Mainframe Blog

The Next, Next Generation of Mainframers Is Here

2 minute read
Anne Hoelscher

On April 7, 2024, we will be celebrating the 60th anniversary of the mainframe. It would take some pretty thick rose-colored glasses to not remember the many times the future of the mainframe was in doubt. We heard Stewart Alsop’s 1991 announcement about the impending demise of the mainframe, but March 15, 1996 came and went, followed by further predictions of doom. The mainframe also survived Y2K and many other events, such as downsizing, rightsizing, and outsourcing.

For the first decade or so of my career, when I said I was a mainframe programmer, I would get one of two questions: “What is a mainframe?” or “Why on earth would you enter a dying field?”

Way back then, people, even those in the mainframe world, couldn’t understand why a new generation would choose the mainframe. I did. It was a good choice. I’m still here to talk about it. And it’s still a good choice. I’m excited about the future potential still left untapped.

From a viewpoint inside the mainframe world, it is easy to overlook the massive innovation and growth that has happened over 60 years. Some of that has been on the IBM® Z® platform, or “Z” as we call it now, and some in outside areas. Gone are the days of heading to the machine room to find the manual needed (on the rack of manuals) or chasing tapes escaping across the floor. Good riddance.

Thanks to Google and now, artificial intelligence (AI), we can get answers at our fingertips in a few seconds. Tapes are virtual. Who knows where the mainframe is actually located? While we may look back with nostalgia on the days of lifting floor tiles to find a loose wire, we can probably all agree our time is better spent these days.

The challenges we face today are nothing that would have been foreseen 20 years ago. Everyone has a device in their hand that can send a transaction to the mainframe. Data is growing astronomically. Gasps were heard as we saw the first million-row table, then a billion rows, and then the first terabyte table. One thing is for certain, the data is continuing to grow, and the rate of growth is still unbelievable but true.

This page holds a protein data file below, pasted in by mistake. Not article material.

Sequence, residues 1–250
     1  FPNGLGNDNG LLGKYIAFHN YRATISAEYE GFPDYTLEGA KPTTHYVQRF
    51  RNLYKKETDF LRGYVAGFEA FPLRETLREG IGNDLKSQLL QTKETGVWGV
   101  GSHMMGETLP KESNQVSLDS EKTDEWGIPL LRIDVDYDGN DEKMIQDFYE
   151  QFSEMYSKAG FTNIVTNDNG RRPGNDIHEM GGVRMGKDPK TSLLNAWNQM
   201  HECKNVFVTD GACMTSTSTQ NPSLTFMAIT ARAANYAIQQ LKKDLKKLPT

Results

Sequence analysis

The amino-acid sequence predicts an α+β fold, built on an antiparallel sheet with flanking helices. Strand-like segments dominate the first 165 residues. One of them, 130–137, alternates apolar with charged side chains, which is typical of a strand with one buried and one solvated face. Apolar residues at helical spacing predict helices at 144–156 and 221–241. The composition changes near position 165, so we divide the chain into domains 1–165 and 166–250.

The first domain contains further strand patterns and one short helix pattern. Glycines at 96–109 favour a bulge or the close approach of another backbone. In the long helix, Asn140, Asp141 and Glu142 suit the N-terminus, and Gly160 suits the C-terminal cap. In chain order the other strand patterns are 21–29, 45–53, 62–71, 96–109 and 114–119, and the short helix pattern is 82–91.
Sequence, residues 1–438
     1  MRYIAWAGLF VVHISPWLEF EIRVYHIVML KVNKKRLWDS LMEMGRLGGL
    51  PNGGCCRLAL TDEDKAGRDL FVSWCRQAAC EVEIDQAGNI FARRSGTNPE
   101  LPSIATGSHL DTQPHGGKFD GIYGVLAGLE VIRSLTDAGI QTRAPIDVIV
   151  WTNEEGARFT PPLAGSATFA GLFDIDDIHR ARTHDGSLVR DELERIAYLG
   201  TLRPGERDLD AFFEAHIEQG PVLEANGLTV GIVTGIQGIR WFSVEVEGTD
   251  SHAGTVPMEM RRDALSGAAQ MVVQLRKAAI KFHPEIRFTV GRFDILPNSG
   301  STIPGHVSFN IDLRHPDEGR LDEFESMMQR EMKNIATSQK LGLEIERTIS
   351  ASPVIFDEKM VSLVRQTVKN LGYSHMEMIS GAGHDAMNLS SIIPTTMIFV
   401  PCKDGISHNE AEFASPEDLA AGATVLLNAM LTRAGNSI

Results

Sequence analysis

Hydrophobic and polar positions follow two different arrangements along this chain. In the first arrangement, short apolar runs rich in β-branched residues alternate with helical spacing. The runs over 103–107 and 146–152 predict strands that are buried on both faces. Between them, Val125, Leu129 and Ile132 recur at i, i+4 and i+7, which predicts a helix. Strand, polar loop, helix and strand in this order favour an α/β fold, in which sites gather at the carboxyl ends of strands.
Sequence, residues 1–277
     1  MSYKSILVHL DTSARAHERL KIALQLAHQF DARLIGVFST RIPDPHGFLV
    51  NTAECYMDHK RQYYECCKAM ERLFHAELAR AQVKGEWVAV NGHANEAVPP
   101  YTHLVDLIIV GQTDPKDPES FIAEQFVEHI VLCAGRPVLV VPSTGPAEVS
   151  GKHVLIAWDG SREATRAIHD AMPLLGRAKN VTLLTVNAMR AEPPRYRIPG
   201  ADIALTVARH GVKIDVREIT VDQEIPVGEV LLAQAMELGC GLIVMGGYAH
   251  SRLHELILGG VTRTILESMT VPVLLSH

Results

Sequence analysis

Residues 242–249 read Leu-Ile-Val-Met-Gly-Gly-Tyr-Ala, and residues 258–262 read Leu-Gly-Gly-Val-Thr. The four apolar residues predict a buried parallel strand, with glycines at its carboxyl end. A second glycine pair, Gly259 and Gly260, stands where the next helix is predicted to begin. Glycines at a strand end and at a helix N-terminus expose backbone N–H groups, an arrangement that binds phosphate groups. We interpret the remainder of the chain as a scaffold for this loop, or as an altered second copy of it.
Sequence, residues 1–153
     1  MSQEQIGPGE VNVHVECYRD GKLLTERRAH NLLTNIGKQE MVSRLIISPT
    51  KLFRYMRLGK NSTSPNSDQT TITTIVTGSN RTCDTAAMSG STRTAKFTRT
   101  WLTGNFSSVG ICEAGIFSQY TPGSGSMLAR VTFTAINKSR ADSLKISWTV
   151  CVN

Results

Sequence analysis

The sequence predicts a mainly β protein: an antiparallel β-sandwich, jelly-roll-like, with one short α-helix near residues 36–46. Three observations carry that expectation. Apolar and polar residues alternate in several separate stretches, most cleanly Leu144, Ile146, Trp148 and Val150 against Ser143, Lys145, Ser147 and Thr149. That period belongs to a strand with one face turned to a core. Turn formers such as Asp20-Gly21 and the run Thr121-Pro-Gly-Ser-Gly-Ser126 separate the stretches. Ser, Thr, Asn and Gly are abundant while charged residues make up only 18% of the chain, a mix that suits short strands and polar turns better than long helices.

When I became a manager, I was given a book by management consultant Peter Drucker. My key takeaways were that the customer must be the focal point of the business and, to provide what the customer needs, you have to take care of your team. As Agile development arrived and everyone talked about all the changes needed in management styles, I started finding blogs devoted to linking Drucker’s principles to managing Agile teams effectively. The more things change, the more they stay the same.

People have changed, no doubt. No one would mistake an intern in 2024 for someone new in career in 1964, for many reasons. But with all the change in society, some things remain the same. Early career mainframers are brave, inquisitive, and persistent. The great news is that we do have a next, next generation of mainframers who are innovative and driven to make the most of the mainframe. In the same ways—and maybe different ways—that we have tapped into the potential to exploit the speed, security, and “wow” of the mainframe, they will surprise us with progress we can’t even imagine today.

Here’s to the next 60 years with a bright new generation of mainframers to pave the way!

Access the 2023 Mainframe Report

The results of the 18th annual BMC Mainframe Survey are in, and the state of the mainframe remains strong. Overall perception of the mainframe is positive, as is the outlook for future growth on the platform, with workloads growing and investment in new technologies and processes increasing.

These postings are my own and do not necessarily represent BMC's position, strategies, or opinion.

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About the author

Anne Hoelscher

Anne Hoelscher is a Director of R&D at BMC Software responsible for a diverse product portfolio. Anne is involved in many initiatives around Mainframe Modernization and supporting a new generation of mainframe talent. She has participated in panels and SIGs for IDUG and SHARE and enjoys making new connections in the mainframe space. Anne has over 35 years of mainframe experience including 9 at BMC.